Thursday, November 7, 2013

Judge Scheindlin fights back

On October 31, the Court of Appeals stayed (but did not overrule) Judge Scheindlin's ruling on stop and frisks in New York City and also removed her from the case, concluding that she had "run afoul" of the Judicial Code of Conduct in steering the case into her courtroom and also in speaking publicly about the case.

The case is Ligon/Floyd v. City of New York. That sua sponte ruling from the Second Circuit generated much attention. The stop and frisk case is a big deal in that Judge Scheindlin held that the City had violated the Fourth and Fourteenth Amendments in frisking people without reasonable suspicion of any criminal activity, and that the practices amounted to racial profiling. (Hat tip to the Constitutional Law Prof Blog, written by one of my favorite law professors, Ruthann Robson).

Now Judge Scheindlin is fighting back, and she wants the Court of Appeals to reinstate her to the case. She is using some well-known lawyers, including Burt Neuborne, Norman Dorsen and Frederick A.O. Schwartz, Jr., in filing a "request for leave to file motion to address order of disqualification." I have never seen this before, and I don't know if the Court of Appeals has ever reversed itself on a disqualification ruling.

Through her lawyers, Judge Scheindlin notes that she has served with distinction since 1994 and presided over an extensive trial in Floyd v. City of New York, the stop and frisk case, and also presided over a hearing on a motion for a preliminary injunction in Ligon v, City of New York, which also involved the City's stop and frisk practices. At no point in this case did anyone seek Judge Scheindlin's disqualification.

Judge Scheindlin argues that the disqualification order was procedurally deficient because Federal Rule of Appellate Procedure 21 requires that judges will receive notice of any allegations of misbehavior when they are charged with misconduct, and an opportunity to be heard. That did not happen here, Judge Scheindlin says, which violates due process. She also argues that the Court of Appeals got it wrong in concluding that Judge Scheindlin had violated the Code of Conduct in suggesting that the lawyers file the Floyd action and mark it as a related case to another stop and frisk matter that she was handling, Daniels v. City of New York.  In Daniels, the lawyers wanted to "raise newly discovered evidence concerning the allegedly racially discriminatory nature of the NYPD's 'stop and frisk' practices." According to Judge Scheindlin's motion, as the Daniels case had settled, that was not the time to discuss the new evidence, hence the suggestion that the lawyers file a new case. (For the non-lawyers, cases are sometimes filed as related cases if they involve similar legal issues or parties to another case before the same judge). Here is the transcript from that fateful conference.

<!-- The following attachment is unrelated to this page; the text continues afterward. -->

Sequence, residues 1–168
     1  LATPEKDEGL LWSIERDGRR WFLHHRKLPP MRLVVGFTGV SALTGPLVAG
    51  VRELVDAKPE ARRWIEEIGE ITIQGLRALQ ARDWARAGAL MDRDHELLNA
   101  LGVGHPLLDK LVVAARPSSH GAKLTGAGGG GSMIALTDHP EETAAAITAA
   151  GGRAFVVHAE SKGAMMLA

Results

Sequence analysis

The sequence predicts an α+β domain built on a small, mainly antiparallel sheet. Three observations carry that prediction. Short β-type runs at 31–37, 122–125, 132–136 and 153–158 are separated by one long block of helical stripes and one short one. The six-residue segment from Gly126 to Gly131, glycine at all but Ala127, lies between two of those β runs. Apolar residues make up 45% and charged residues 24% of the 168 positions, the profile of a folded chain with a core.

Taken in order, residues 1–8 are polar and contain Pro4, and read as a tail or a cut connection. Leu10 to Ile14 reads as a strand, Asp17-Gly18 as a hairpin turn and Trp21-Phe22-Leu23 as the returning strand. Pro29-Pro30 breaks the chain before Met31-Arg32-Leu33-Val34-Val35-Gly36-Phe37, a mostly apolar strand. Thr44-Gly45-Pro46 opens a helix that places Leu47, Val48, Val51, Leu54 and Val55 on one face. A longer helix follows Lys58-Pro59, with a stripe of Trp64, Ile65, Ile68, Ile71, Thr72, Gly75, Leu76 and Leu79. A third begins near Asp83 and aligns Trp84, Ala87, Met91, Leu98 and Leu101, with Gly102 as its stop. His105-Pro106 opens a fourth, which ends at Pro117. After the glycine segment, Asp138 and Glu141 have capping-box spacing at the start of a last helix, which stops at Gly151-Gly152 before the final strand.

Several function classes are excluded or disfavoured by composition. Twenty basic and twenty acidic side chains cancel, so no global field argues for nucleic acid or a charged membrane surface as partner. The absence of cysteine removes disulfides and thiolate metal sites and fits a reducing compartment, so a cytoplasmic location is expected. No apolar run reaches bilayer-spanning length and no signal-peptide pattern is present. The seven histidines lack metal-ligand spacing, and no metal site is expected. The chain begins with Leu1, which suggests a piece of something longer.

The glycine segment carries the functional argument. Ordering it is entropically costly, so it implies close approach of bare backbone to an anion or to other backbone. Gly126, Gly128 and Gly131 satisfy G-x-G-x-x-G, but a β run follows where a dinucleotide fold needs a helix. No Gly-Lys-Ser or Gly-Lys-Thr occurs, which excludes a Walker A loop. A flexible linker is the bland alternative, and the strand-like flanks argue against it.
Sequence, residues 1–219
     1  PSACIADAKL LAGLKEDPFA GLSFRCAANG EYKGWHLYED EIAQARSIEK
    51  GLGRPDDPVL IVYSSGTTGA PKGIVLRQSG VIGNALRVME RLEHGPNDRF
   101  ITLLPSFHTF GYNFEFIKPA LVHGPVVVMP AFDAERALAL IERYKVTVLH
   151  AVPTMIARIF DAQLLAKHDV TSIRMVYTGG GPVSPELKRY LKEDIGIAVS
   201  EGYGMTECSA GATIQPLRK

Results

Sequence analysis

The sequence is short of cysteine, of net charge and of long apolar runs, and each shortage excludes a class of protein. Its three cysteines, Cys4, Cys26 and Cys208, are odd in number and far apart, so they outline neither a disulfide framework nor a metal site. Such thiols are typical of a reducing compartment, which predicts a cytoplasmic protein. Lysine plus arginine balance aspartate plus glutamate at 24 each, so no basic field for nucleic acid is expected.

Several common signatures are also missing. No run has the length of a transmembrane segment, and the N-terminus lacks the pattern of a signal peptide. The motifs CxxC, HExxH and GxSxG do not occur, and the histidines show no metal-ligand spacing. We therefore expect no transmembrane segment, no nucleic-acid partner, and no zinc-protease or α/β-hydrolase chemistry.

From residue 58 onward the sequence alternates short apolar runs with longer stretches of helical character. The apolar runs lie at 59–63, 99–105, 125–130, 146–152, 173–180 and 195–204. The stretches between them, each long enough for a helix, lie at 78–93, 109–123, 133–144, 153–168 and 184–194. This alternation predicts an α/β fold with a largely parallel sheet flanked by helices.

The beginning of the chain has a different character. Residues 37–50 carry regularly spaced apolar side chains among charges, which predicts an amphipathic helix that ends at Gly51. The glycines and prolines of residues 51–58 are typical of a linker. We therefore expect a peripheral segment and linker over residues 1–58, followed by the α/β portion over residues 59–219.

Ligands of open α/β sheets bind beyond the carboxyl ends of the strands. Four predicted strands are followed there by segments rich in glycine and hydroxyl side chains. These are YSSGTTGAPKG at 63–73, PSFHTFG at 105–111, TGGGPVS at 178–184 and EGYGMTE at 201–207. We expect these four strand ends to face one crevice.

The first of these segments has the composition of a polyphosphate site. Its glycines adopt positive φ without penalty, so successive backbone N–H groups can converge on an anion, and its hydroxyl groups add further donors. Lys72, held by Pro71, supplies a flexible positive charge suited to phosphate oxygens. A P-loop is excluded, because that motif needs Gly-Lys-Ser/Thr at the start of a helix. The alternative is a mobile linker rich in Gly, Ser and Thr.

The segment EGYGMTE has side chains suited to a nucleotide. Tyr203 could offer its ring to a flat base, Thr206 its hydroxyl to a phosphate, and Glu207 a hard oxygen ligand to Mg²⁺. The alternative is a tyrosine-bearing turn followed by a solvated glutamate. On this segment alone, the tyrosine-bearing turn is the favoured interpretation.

The motion further challenges the Second Circuit's finding that Judge Scheindlin violated the rules in speaking publicly about the stop and frisk cases. The motion attaches the press articles in which she had allegedly violated neutrality. In the articles, she refused to discuss the legal issues in those cases, and discussed constitutional law and the judicial process in general. The motion adds that "discussion of important legal issues by members of the judiciary enriches the dialogue that is crucial to public understanding of the rule of law, and is consistent with the values underlying the First Amendment."   

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